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dc.contributor.authorGait, Alsadek
dc.contributor.authorWorthington, Andrew C
dc.date.accessioned2017-10-15T21:58:10Z
dc.date.available2017-10-15T21:58:10Z
dc.date.issued2015
dc.identifier.issn1753-8394
dc.identifier.doi10.1108/IMEFM-04-2013-0056
dc.identifier.urihttp://hdl.handle.net/10072/101865
dc.description.abstractPurpose – This paper aims to analyse the attitudes of Libyan retail customers to Islamic methods of finance. Design/methodology/approach – The study conducted a survey of 385 Libyan retail consumers. Descriptive, factor and discriminant analyses of responses were performed to identify principal factors affecting attitudes towards and the potential use of Islamic financial products and services. Findings – The results indicate that while most respondents have at least some knowledge about some Islamic products, especially Musharakah (full-equity business partnerships) and Quard Hassan (interest-free benevolent loans), they are generally unaware of many other products. Nonetheless, most respondents (85.9 per cent) are potential users of Islamic methods of finance at the retail level, though potential use varying markedly according to age, level of education, employment, income and nationality. Factor analysis reduces the large number of variables that determine retail consumers’ attitudes towards Islamic methods of finance to just community service, profitability, religion and unique services. Discriminant analysis shows that religion and community service are the most important positive attitudes determining the potential use of Islamic methods of finance by retail consumers in Libya. Research limitations/implications – The study is undertaken in a single national context, so there is no possibility of comparing the results with alternative financial systems in different stages of the adoption of Islamic finance. Research was completed in 2010, with the ongoing unrest in Libya precluding publication until recently. Practical implications – Religious motivations rank highest in determining positive attitudes to Islamic methods of finance, and marketers should ensure that Islamic financial products and services strictly comply with Sharia. However, it may be possible to strengthen these positive attitudes by promoting that the community service role of Islamic finance is also important. Consumers also react favourably to marketing that either admits something negative about the product (e.g. Islamic finance is Sharia-compliant, but less profitable for depositors) or something positive about a competing product (e.g. conventional finance is more profitable, but cares less about the community). Marketers should emphasise the strengths of Islamic finance across the several sources of positive attitudes the authors have identified. Originality/value – There is no published work on Libyan retail consumers and limited study of attitudes towards Islamic methods of finance more generally.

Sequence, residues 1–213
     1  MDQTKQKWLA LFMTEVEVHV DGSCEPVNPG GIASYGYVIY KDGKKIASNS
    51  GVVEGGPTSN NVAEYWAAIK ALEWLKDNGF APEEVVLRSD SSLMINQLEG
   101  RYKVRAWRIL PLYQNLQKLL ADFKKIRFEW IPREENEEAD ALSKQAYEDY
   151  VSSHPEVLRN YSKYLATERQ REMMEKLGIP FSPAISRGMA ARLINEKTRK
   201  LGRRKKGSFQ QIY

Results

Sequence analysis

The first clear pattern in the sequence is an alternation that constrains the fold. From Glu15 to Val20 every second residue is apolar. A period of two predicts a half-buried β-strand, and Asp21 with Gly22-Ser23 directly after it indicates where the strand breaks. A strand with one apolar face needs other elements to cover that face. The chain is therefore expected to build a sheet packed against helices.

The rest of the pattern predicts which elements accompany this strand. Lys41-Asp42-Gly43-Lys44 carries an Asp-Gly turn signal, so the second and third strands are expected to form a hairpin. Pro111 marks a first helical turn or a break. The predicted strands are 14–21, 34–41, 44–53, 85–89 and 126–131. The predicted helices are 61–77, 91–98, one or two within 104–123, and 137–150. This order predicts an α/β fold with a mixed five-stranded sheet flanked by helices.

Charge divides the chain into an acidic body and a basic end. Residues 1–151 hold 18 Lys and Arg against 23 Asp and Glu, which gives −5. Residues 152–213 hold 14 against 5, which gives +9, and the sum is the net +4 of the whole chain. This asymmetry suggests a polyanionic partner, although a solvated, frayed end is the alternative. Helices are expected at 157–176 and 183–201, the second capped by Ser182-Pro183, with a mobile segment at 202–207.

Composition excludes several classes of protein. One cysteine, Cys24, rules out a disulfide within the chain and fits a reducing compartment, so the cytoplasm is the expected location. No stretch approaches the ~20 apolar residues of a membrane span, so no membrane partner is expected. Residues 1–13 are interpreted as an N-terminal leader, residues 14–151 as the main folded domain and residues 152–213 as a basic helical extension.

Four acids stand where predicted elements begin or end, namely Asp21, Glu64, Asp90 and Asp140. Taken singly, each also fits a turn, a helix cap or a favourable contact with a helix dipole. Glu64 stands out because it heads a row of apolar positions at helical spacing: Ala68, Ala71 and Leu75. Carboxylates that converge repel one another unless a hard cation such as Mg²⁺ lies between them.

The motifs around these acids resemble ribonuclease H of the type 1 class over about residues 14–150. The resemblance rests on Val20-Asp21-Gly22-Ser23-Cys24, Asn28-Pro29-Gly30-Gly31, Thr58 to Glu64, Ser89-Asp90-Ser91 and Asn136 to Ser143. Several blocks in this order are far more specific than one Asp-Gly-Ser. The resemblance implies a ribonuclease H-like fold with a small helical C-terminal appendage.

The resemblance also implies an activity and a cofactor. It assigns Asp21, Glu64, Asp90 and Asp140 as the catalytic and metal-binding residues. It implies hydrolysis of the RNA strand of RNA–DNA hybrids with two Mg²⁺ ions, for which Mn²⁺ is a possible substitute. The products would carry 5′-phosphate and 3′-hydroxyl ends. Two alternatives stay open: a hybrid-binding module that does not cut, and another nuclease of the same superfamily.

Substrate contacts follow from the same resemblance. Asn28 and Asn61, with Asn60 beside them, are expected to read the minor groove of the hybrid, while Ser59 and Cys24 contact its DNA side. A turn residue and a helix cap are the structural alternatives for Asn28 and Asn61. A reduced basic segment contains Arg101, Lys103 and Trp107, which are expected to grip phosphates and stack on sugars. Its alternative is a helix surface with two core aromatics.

dc.description.peerreviewedYes
dc.languageEnglish
dc.language.isoeng
dc.publisherEmerald
dc.relation.ispartofpagefrom439
dc.relation.ispartofpageto454
dc.relation.ispartofissue4
dc.relation.ispartofjournalInternational Journal of Islamic and Middle Eastern Finance and Management
dc.relation.ispartofvolume8
dc.subject.fieldofresearchApplied economics
dc.subject.fieldofresearchBanking, finance and investment
dc.subject.fieldofresearchcode3801
dc.subject.fieldofresearchcode3502
dc.titleAttitudes of Libyan retail consumers toward Islamic methods of finance
dc.typeJournal article
dc.type.descriptionC1 - Articles
dc.type.codeC - Journal Articles
dc.description.versionAccepted Manuscript (AM)
gro.facultyGriffith Business School, Department of Accounting, Finance and Economics
gro.rights.copyright© 2015 Emerald. This is the author-manuscript version of this paper. Reproduced in accordance with the copyright policy of the publisher. Please refer to the journal's website for access to the definitive, published version.
gro.hasfulltextFull Text
gro.griffith.authorWorthington, Andrew C.
gro.griffith.authorGait, Alsadek


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